The Last Of Us Director Explains Why A Movie Never Happened

The Last of Us
The Last of Us

The video game genre has been experiencing a resurgence over the last few years with Sonic the Hedgehog and Detective Pikachu scoring a rare blend of both critical and commercial success, something console-to-screen adaptations have struggled to attain over the last three decades. Mortal Kombat is the latest to win big with fans and at the box office, while HBO are betting on The Last of Us turning the PlayStation classic into top tier episodic content.

Widely regarded as one of the greatest games ever made, the title comes with a huge built-in audience, and the central concept also lends itself very well to television, given the slow-burning narrative and focus on the two main characters. Production is set to kick off this summer in Canada and continue for a whopping eleven months, with Pedro Pascal and Bella Ramsey on board as Joel and Ellie, and Terminator: Dark Fate‘s Gabriel Luna recently joining the ensemble as Tommy.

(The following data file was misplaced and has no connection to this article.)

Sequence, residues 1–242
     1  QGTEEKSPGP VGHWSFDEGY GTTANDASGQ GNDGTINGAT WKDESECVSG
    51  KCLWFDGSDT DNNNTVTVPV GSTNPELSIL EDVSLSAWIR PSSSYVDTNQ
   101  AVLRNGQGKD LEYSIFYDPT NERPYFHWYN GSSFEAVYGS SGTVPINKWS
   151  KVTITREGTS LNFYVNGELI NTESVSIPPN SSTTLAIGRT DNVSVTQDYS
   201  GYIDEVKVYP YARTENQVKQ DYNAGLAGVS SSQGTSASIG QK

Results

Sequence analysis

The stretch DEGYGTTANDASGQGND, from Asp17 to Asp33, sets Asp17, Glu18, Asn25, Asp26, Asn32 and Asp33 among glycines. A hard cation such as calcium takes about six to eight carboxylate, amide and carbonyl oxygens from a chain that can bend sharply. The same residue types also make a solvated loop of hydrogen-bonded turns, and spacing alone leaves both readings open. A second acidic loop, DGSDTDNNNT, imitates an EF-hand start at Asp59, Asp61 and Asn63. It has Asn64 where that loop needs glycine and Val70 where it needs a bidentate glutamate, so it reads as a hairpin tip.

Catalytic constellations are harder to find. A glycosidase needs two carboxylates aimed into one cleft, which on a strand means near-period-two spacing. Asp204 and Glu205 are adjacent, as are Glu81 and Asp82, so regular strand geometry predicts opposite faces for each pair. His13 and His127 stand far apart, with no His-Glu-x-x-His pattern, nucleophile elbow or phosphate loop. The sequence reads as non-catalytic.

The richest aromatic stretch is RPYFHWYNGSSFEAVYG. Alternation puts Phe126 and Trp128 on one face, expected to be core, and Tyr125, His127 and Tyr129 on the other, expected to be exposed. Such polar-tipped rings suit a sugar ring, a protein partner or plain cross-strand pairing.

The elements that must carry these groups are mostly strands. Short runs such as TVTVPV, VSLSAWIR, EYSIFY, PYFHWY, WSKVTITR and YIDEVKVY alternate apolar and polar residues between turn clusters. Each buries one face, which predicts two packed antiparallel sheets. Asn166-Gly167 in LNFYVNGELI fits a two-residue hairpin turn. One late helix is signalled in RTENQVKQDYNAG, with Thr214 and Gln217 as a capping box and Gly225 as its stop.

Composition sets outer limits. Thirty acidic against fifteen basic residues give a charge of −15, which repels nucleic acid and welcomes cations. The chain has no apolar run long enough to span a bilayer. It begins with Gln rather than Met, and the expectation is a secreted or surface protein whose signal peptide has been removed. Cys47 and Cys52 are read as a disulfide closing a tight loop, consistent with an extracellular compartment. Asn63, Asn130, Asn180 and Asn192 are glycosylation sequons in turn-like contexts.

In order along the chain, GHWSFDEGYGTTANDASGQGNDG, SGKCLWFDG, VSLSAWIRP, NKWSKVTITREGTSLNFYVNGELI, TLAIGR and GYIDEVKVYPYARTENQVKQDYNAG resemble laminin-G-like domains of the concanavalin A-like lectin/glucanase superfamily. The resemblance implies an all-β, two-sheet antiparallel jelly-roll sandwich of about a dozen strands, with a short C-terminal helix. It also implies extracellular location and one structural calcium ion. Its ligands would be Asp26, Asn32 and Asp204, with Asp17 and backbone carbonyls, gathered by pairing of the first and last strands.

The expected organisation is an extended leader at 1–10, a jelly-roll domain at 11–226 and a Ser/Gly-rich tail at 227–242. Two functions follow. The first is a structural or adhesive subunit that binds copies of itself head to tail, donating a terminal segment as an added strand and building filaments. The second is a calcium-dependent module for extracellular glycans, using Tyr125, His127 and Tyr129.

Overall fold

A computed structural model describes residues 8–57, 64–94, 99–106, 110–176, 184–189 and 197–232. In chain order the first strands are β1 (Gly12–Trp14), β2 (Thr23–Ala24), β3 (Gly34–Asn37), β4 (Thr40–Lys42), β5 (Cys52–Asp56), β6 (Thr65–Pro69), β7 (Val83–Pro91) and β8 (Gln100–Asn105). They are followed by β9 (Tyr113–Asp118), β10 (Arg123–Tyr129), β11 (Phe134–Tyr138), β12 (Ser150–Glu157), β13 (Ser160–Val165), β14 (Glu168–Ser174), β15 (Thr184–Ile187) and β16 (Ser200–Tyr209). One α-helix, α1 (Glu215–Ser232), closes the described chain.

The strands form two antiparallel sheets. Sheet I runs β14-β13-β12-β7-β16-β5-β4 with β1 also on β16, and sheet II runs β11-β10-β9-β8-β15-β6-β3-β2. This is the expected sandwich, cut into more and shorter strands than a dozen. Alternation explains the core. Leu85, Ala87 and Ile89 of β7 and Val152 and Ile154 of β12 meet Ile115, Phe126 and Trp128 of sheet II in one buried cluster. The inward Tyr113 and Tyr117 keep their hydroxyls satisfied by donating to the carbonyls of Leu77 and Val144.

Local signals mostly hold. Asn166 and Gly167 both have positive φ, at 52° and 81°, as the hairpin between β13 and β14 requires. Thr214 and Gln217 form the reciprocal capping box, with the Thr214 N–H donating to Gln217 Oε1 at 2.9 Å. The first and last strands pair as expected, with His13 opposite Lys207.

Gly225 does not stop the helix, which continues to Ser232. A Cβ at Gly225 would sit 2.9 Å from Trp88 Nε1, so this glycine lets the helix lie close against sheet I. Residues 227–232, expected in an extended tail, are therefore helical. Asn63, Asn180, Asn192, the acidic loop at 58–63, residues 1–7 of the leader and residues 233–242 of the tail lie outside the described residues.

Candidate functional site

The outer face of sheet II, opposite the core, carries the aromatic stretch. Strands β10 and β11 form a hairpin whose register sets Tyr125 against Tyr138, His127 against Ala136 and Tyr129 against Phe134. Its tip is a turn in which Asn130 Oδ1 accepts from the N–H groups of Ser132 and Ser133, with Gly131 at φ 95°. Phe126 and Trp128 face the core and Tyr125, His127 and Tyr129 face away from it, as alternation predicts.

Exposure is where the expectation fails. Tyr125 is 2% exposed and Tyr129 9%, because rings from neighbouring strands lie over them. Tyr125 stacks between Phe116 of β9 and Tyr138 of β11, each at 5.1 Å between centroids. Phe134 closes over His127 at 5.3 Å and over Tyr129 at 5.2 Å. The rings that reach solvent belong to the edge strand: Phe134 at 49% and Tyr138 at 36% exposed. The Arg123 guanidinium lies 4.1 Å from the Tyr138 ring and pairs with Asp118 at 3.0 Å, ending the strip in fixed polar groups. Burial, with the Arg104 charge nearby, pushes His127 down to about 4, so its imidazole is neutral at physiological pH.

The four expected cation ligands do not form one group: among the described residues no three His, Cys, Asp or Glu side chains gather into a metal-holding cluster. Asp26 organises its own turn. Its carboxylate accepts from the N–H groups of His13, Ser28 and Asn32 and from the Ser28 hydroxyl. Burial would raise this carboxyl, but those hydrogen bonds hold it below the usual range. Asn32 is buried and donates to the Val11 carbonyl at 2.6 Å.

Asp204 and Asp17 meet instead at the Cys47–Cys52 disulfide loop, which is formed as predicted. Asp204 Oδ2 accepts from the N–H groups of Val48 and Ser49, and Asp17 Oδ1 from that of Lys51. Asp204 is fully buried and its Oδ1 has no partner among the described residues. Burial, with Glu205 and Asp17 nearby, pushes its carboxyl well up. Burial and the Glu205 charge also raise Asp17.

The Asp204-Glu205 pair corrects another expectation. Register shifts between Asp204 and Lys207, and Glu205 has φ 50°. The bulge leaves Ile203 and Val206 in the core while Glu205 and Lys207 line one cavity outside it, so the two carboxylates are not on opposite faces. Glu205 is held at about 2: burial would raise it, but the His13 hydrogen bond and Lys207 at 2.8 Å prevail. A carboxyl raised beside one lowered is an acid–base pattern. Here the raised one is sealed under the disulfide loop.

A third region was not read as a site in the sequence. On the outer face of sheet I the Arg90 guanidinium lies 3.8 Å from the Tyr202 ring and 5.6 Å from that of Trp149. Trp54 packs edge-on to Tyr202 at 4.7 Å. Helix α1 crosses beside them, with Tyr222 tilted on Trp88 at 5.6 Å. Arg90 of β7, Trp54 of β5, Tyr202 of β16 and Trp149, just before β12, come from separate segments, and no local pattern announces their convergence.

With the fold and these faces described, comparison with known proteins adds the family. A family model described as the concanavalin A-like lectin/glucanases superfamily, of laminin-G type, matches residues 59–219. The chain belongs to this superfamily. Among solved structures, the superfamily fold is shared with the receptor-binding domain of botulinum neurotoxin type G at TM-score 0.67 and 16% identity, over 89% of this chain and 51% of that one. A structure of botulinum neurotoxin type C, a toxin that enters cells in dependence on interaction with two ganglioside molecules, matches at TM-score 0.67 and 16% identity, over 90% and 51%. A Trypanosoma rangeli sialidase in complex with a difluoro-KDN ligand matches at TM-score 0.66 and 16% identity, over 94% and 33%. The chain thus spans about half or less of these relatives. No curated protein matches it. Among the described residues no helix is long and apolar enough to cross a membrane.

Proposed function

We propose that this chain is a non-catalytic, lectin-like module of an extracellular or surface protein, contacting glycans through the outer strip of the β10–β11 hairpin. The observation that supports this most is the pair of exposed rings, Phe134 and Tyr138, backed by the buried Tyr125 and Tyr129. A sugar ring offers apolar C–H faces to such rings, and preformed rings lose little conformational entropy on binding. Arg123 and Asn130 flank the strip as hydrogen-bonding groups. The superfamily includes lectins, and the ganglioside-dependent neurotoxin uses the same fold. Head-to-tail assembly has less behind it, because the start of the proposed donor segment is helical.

The Last of Us was originally set up to be a feature film, though, with the game’s director Neil Druckmann penning the script and Sam Raimi named as one of the producers. Maisie Williams was even in talks to play Ellie at one stage before the project fell apart, and in a new interview, Druckmann explained why a standalone movie was never the right fit for the source material.

When I worked on the movie version, a lot of the thinking and notes were like; ‘How do we make it bigger? How do we make the set pieces bigger’. It didn’t work for The Last of Us and I think that’s ultimately why the movie wasn’t made. Our approach for The Last of Us was, ‘Let’s make it as an indie film’. Let’s approach it as an indie film team, the way it’s shot, the way how small and intimate it feels. And with the show we get to lean into that even more because we don’t have to have as many action sequences as we do in the game.”

Focusing more on the drama makes greater sense from a storytelling perspective rather than trying to cram the entirety of the sprawling narrative into a two hour blockbuster, so in those terms, The Last of Us has found an ideal partner in HBO, given that the outfit is known for its long-form storytelling and rich worldbuilding.